June 2006

United Safe Boating Institute Presents Houseboating Pamphlet

The United Safe Boating Institute (USBI) has produced a popular pamphlet titled "5-Tons and No Brakes," which gives excellent instruction and hints for houseboaters. For the many Arizonans who enjoy this boating activity, a summary of the USBI material follows.

Houseboating Is Fun

Houseboating has become a popular vacation and weekend activity as the boat can literally be your home afloat ó but a home that moves. However, although houseboating is a comfortable, leisurely way in which to enjoy the water, there are things you should know before boarding.

About Those Brakes

So, youíve handled a sailboat or a cruiser, have you? Well, thatís very different from handling a houseboat, which averages 35 feet in length, goes between 15 and 20 miles an hour, and weighs about five tons.

Having "no brakes" means that if you err, you may be the cause of a hull-banging and paint-scraping experience ó not to mention what can happen to what youíve hit. Remember, reversing your engine is the only braking mechanism that you have for your houseboat.

And, Then Thereís Docking

Docking can be a real thrill, especially if you forget about not having brakes. Ten thousand pounds of boat will not stop short when power is cut. Nosiree.

Itís best to approach the dock when power is cut, while heading upstream or into the wind, since the big boat is easier to control that way.

Use only enough power to maintain steerageway (minimum speed with control). Remember, speed times weight can equal a horrible crunch: at only two miles an hour, your houseboat can damage a dock as well as itself.

Approach the dock at no more than one mile per hour. Practice working with minimum speed needed to maintain response before your first docking.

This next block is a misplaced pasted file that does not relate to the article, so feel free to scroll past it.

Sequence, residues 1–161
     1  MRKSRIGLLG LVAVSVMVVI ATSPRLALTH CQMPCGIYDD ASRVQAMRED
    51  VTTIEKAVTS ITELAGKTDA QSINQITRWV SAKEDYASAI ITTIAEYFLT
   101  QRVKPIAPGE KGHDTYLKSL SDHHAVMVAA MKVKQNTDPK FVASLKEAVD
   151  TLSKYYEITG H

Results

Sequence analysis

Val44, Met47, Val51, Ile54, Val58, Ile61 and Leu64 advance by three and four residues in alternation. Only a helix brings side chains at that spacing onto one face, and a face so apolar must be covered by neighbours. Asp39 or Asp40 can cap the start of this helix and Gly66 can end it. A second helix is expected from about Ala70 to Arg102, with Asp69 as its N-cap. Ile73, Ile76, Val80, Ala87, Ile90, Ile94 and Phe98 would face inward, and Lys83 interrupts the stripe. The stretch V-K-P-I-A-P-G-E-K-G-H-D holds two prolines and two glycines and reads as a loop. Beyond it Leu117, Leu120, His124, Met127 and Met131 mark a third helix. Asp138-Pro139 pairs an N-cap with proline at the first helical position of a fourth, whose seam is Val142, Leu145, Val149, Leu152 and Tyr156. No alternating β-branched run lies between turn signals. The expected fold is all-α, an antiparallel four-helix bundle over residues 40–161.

Keeping Your Bearings

Unlike smaller motorboats, a houseboat needs plenty of room and time to maneuver. In fact, handling a houseboat requires practice: Going through tight spots like locks or into slips requires skill, quick action, and physical strength ó for fending off ó on the part of at least two crew members.

The average houseboat operator is not a professional pilot, and great care is needed to be able to master the vessel in all situations.

Remember, when you turn the wheel of a houseboat, the stern is the first to react. Thus, if the wheel is turned to the right, the stern swings to the left; this may seem strange at first because an automobile responds in just the opposite manner.

Before getting underway, review operating and safety procedures with all passengers. Locate safety equipment and have a backup who can operate the boat if you become ill or injured.

Some Rules Of The Road

Read and understand government regulations concerning the waterway on which you will be traveling. Know the marking systems and the signaling rules. Here are some basic rules:

  • approaching an oncoming boat, keep to the right,
  • know proper maneuvering signals and use them, and
  • signal when approaching a blind bend in a river.

In The Still Of The Night

A new houseboater should tie up for the night at a marina or, with permission, at a private pier. A novice might not know whether a cove or quiet inlet will be safe.

The boat can be left high and dry if the water recedes out of the inlet during the night because of the tides. Locks and dams on rivers can also cause changes in the water elevation. A peaceful river can become roaring torrent after a hard rain upstream.

If at dusk you canít reach a dock, anchor out of the main channel or tie up to trees near the bank. When about 75 feet from your anchorage, drop the stern anchor from the rear deck.